Changing the stance on a traditional movement can make it more functional for first responders.
What makes an exercise "functional" for firefighters, EMTs, and medics? In order to answer this question, we must first define what functional training means. The definitions can be varied and broad and often the term functional training is abused and over-used. The best definition that I found and one that I think really pertains to the fire service comes from the Mayo clinic. They define functional training as: “Training the body for the activities performed in daily life”.
In the context of first responders, our daily life or shift requires us to lift heavy patients, drag heavy firehose, climb stairs with heavy gear, carry equipment, lift and hoist ladders overhead, all of which require good core strength and mobility. Therefore, for an exercise to be "functional' for a first responder, it must help us perform one if not all of those activities.
FRF Functional Exercise of the month.
I get a lot of questions about the best exercises for improving upper body strength on the fire ground. Here is one of my favorite choices.
The standing shoulder press is a compound exercise that targets multiple muscles in the upper body including the shoulders, triceps, and core. It effectively improves functional upper body strength as it mimics fireground activities such as lifting objects overhead and raising ladders.
Take a look at the video and pictures below. Feel free to make a print of the exercise and post it in your workout rooms.
Exercise overview: This is a great option to work the core and develop upper body and shoulder strength. This exercise can be used as a strength exercise or added as an option for an afterburner.
Muscle Groups Involved: Core, shoulders, and arms
Coaching Tips: Standing with feet shoulder-width apart, hold dumbbells at your shoulders palms facing in slightly. Be sure to have your head in proper alignment (not jutting forward or back. While keeping the dumbbells at your shoulders, bend your knees slightly. Slowly press the weights straight over your shoulders. Hold for a second with your arms fully extended. Your hands can rotate to keep balance. After holding, slowly lower the dumbbells back to the starting position. It is important NOT to let your back arch at any time during the movement. If you have any shoulder impingement, restrict the motion to accommodate or find an alternative exercise. Repeat as directed by your FRF workout and your level of fitness. Perform each rep with control.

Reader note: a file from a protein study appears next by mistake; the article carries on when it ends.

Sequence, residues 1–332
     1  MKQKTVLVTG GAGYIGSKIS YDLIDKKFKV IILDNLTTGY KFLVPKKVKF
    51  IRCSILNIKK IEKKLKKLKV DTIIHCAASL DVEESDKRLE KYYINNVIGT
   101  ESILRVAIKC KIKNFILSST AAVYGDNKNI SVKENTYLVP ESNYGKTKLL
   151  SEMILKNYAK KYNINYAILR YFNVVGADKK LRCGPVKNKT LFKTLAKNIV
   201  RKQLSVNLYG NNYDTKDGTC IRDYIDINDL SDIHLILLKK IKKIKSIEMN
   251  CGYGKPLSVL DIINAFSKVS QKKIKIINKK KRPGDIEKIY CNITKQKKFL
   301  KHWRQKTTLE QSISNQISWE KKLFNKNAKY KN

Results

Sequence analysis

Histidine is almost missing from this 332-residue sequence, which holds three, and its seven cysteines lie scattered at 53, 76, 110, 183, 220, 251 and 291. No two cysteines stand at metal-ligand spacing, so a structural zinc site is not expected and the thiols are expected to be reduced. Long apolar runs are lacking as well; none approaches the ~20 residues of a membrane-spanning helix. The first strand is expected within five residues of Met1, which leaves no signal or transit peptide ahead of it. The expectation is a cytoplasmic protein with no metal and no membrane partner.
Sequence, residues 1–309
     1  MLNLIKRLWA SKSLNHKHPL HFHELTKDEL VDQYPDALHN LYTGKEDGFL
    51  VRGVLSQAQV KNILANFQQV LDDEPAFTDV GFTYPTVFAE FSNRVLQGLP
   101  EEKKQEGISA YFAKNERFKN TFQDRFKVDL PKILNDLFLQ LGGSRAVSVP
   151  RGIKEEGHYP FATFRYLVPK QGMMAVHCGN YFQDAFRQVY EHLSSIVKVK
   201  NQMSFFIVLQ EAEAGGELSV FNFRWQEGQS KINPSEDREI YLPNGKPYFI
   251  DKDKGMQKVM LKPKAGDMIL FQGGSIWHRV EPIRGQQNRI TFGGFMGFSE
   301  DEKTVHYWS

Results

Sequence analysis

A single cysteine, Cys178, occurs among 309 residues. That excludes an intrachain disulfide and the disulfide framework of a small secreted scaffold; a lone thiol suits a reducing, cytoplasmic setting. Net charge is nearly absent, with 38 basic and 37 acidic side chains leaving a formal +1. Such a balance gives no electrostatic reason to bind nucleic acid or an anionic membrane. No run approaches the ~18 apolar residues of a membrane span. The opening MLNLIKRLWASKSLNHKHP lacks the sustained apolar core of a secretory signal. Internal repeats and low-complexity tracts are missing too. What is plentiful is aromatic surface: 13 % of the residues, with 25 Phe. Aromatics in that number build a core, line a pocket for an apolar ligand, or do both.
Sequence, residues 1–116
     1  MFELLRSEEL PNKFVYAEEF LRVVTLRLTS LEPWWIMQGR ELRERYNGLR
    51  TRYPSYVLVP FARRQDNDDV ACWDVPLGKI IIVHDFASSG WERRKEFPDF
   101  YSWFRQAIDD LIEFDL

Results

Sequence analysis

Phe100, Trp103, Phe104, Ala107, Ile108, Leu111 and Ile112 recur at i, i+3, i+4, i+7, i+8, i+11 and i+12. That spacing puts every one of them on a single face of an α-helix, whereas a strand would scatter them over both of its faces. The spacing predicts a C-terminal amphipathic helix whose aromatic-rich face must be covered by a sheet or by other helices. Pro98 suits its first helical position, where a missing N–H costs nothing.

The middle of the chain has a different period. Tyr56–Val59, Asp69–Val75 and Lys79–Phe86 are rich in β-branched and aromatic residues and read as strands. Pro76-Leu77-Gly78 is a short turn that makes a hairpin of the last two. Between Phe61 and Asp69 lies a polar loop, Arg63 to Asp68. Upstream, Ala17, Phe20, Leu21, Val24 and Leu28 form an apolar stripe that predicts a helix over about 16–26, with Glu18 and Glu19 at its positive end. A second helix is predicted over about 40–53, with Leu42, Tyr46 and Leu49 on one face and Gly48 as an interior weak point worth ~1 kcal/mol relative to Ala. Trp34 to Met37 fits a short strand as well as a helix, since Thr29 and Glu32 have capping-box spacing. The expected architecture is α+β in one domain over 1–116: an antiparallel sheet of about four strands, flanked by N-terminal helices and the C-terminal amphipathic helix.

Click here for a PDF to print and put in your department workout room.
Additional tips to effectively perform the standing shoulder press:
1. Choose an appropriate weight: Start with lighter weights to focus on form and controlling the weight and gradually increase as you get stronger.
2. Maintain good posture: Keep your chest up, shoulders back, and avoid arching your back during the movement.
3. Control the motion: Avoid using momentum or jerking motions to lift the weights. Instead, focus on controlled movements throughout.
4. You can also change the demands of the exercise by using a lunge stance or even just standing on one leg.
Let me know if you have any questions. You can reach me via the "contact FRF" tab. Please share this information with your crew and print out the exercise and place it in your workout rooms.
Stay safe and #GETFRF,
Zam (Aaron Zamzow)